WHO'S IN CHARGE HERE?
​ A LESSON IN BECOMING ALPHA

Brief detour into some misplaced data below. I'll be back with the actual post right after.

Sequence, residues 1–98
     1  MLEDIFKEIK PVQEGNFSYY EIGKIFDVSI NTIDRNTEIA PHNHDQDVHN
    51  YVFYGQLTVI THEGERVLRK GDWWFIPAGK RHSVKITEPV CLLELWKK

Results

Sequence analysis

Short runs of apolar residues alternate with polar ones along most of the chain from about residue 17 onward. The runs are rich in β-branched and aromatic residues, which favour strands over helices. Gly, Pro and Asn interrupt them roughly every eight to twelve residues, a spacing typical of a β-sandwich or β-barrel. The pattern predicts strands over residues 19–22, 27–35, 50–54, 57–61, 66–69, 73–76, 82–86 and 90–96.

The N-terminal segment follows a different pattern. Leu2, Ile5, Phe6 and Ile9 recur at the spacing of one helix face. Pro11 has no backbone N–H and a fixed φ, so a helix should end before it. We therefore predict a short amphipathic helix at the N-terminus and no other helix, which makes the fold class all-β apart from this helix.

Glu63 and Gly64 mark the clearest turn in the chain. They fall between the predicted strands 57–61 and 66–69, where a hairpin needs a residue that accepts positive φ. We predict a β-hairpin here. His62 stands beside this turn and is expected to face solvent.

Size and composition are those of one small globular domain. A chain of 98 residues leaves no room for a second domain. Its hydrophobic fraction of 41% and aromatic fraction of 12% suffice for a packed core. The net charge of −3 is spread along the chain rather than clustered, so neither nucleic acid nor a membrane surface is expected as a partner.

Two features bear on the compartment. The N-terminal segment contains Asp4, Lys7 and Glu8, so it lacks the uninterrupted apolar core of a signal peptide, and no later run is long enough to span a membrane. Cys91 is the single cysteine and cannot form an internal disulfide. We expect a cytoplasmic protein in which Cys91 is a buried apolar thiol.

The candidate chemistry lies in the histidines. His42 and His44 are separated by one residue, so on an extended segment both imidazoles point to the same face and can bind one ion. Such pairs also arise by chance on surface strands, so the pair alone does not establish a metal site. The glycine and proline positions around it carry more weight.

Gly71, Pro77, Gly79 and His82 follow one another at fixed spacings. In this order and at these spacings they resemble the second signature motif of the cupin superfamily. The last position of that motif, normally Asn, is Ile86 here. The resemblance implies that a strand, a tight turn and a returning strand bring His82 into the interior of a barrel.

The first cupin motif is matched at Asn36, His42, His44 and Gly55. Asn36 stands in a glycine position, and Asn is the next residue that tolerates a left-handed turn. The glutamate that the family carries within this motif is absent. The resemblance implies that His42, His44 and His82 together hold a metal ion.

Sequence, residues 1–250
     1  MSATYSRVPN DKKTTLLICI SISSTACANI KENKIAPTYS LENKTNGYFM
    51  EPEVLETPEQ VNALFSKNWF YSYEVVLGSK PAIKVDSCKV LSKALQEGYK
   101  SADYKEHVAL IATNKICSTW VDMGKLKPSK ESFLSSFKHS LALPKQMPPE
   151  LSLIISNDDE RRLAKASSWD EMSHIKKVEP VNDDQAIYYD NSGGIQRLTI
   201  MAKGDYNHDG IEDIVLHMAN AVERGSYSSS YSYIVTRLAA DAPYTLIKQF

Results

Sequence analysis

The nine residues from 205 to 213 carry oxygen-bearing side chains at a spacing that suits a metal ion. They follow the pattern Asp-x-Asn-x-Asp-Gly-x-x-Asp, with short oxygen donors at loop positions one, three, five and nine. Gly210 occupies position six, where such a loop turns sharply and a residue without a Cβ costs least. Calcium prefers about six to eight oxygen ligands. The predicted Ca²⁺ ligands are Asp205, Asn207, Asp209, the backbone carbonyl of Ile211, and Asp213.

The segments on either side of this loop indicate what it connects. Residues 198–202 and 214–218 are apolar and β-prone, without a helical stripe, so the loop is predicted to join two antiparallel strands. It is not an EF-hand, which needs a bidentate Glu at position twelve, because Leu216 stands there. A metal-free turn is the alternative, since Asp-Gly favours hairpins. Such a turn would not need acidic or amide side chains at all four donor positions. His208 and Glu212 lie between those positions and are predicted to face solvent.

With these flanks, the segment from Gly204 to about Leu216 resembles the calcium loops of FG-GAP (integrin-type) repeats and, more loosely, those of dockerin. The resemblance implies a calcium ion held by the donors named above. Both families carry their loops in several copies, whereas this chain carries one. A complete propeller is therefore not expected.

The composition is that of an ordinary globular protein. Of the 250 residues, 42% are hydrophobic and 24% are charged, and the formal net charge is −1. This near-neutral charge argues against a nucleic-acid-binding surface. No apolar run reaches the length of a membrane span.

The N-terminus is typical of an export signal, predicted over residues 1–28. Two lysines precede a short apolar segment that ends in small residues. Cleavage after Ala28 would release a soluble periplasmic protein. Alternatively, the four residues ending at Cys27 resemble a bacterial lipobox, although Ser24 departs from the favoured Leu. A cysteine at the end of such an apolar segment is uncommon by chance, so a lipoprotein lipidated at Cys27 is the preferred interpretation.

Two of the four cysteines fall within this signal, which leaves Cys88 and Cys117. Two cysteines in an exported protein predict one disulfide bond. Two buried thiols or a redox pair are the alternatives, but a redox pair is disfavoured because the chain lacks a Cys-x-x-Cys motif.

​   "My dog just tried to bite me! All I did was tell him to move over so I could sit on the couch next to him."  "My dog got into the trash can and, when I scolded her, she growled at me.  What's wrong with her? I thought she loved me!"  "Our dog is very affectionate most of the time, but when we try to make him do something he doesn't want to do, he snaps at us." What do these three dogs have in common? Are they nasty or downright vicious? No - they're "alpha". They've taken over the leadership of the families that love them. Instead of taking orders from their people, these dogs are giving orders! Your dog can love you very much and still try to dominate you or other members of your family. Dogs are social creatures and believers in social order. A dog's social system is a "pack" with a well-defined pecking order. The leader of the pack is the alpha, supreme boss, Top Dog. He (or she) gets the best of everything - the best food, the best place to sleep, the best toy, etc. The leader also gets to be first in everything - he gets to eat first, to leave first and to get attention first. All the other dogs in the pack respect the alpha dog's wishes. Any dog that challenges the alpha's authority gets a swift physical reminder of just where his place in the pack really is. Your family is your dog's "pack". Many dogs fit easily into the lower levels of their human pack's pecking order and don't make waves. They do what they're told and don't challenge authority. Other dogs don't fit in quite as well. Some of them are natural born leaders and are always challenging their human alpha's. Other dogs are social climbers - they're always looking for ways to get a little closer to the top of the family ladder. These natural leaders and the social climbers can become problems to an unsuspecting family that's not aware of the dog's natural pack instincts. Some families encourage their dogs to take over the "pack" without realizing it. They treat their dogs as equals, not as subordinates. They give them special privileges like being allowed to sleep on the bed or couch. They don't train their dogs and let them get away with disobeying commands. In a real dog pack, no one but the alpha dog would get this kind of treatment. Alpha doesn't have anything to do with size. The tiniest Chihuahua can be a canine Hitler. In fact, the smaller the dog, the more people tend to baby them and cater to them - making the dog feel even more dominant and in control of his humans. Alpha dogs often seem to make good pets. They're confident, smarter than average, and affectionate. They can be wonderful with children and good with strangers. Everything seems to be great with the relationship - until someone crosses him or makes him do something he doesn't want to do. Then, suddenly, this wonderful dog growls or tries to bite someone and no one understands why. In a real dog pack, the alpha dog doesn't have to answer to anyone. No one gives him orders or tells him what to do. The other dogs in the pack respect his position. If another dog is foolish enough to challenge the alpha by trying to take his bone or his favorite sleeping place, the alpha dog will quickly put him in his place with a hard stare or a growl. If this doesn't work, the alpha dog will enforce his leadership with his teeth. This is all natural, instinctive behavior - in a dog's world. In a human family, though, this behavior is unacceptable and dangerous. Dogs need and want leaders. They have an instinctive need to fit into a pack. They want the security of knowing their place and what's expected of them. Most of them don't want to be alpha - they want someone else to give the orders and make the decisions. If his humans don't provide that leadership, the dog will take over the role himself. If you've allowed your dog to become alpha, you're at his mercy and as a leader, he may be either a benevolent king or a tyrant! If you think your dog is alpha in your household, he probably is. If your dog respects only one or two members of the family but dominates the others, you still have a problem. The dog's place should be at the -bottom- of your human family's pack order, not at the top or somewhere in between. In order to reclaim your family's rightful place as leaders of the pack, your dog needs some lessons in how to be a subordinate, not an equal. You're going to show him what it means to be a dog again. Your dog's mother showed him very early in life  that -she- was alpha and that he had to respect her. As a pen you want to, not just because he wants you to. Also, for the time being, don't get down on the floor or on your knees to pet your dog. That, too, is a show of submission. Give praise, petting and rewards from a position that's higher than the dog. GAMES:  If you or anyone in your family wrestles, rough-houses or plays tug of war with your dog, stop! These games encourage dogs to dominate people physically and to use their teeth. In a dog pack or in a litter, these games are more than just playing - they help to establish pack order based on physical strength. Your dog is already probably stronger and quicker than you are. Rough, physical games prove that to him. He doesn't need to be reminded of it! Find new games for him to play. Hide & seek, fetch or frisbee catching are more appropriate. Make sure you're the one who starts and ends the game, not the dog. Stop playing before the dog gets bored and is inclined to try to keep the ball or frisbee. WHERE DOES YOUR DOG SLEEP?  Not in your bedroom and especially not on your bed! Your bedroom is a special place - it's your "den". An alpha dog thinks he has a right to sleep in your den because he considers himself your equal. In fact, he may have already taken over your bed, refusing to get off when told or growling and snapping when anyone asks him to make room for the humans. Until your dog's alpha problems are fully under control, the bedroom should be off-limits! The same goes for sleeping on furniture. If you can't keep him off the couch without a fight, deny him access to the room until his behavior and training has improved. CRATE-TRAINING:  Dog crates have 1,000 uses and working with an alpha dog is one of them.It's a great place for your dog to sleep at night, to eat in and just to stay in when he needs to chill out and be reminded that he's a dog. The crate is your dog's "den". Start crate training by feeding him his dinner in his crate. Close the door and let him stay there for an hour afterwards. If he throws a tantrum, ignore him. Don't let your dog out of his crate until he's quiet and settled. At bedtime, show him an irresistable goodie, tell him to SIT and when he does, throw the goodie into the crate. When he dives in for the treat, tell him what a good boy he is and close the door.    GRADUATING FROM BOOT CAMP: WHAT'S NEXT? Just like in the army, boot camp is really just an introduction to a new career and new way of doing things. A tour through boot camp isn't going to solve your alpha dog's problems forever. It's a way to get basic respect from a dog who's been bullying you without having to resort to physical force. How long should boot camp last? That depends on the dog. Some will show an improvement right away, others may take much longer. For really tough cookies, natural leaders that need constant reminders of their place in the pack, Alpha Dog Boot Camp will become a way of life. Social climbers may need periodic trips through boot camp if you get lax and accidentally let them climb back up a notch or two in the family pack order. How do you know if you're making a difference? If boot camp has been successful, your dog should start looking to you for directions and permission. He'll show an eagerness to please. Watch how your dog approaches and greets you. Does he come to you "standing tall", with his head and ears held high and erect? It may look impressive and proud but it means he's still alpha and you still have problems! A dog who accepts humans as superiors will approach you with his head slightly lowered and his ears back or off to the sides. He'll "shrink" his whole body a little in a show of submission. Watch how he greets all the members of the family. If he displays this submissive posture to some of them, but not others, those are the ones who still need to work on their own alpha posture and methods. They should take him back through another tour of boot camp with support from the rest of the family. OBEDIENCE TRAINING:  Once your dog has begun to accept this new way of life and his new position in the family, you should take him through an obedience course with a qualified trainer. All dogs need to be trained and alpha dogs need training most of all! You don't have to wait until he's through with boot camp to start this training but it's important that he respects at least one member of the family and is willing to take direction from them. Obedience class teaches you to train your dog. It teaches you how to be alpha, how to enforce commands and rules, how to get respect and to keep it. All family members who are old enough to understand and control the dog should participate in the class. Obedience training is a lifelong process. One obedience course does not a trained dog make! Obedience commands need to be practiced and incorporated into your daily life. In a dog pack, the alpha animal uses occasional reminders to reinforce his authority. Certain commands, like DOWN/STAY, are especially effective, nonviolent reminders of a dog's place in the family pack order and who's really in charge here. A well-trained obedient dog is a happy dog and a joy to live with. Dogs want to please and need a job to do. Training gives them the opportunity to do both. A well-trained dog has more freedom. He can go more places and do more things with you because he knows how to behave. A well-trained dog that's secure in his place within the family pack is comfortable and confident. He knows what's expected of him. He knows his limits and who his leaders are. He's free from the responsibility of running the household and making decisions. He's free to be your loving companion and not your boss. He's free to be a dog - what he was born to be and what he always wanted to be in the first place!      WHEN YOU NEED PROFESSIONAL HELP If your dog has already injured you or someone else or if you are afraid of your dog, you should consult with a qualified professional dog trainer or behaviorist before starting Canine Boot Camp. Your dog should also have an exam by your vet to make sure there are no physical causes for his behavior.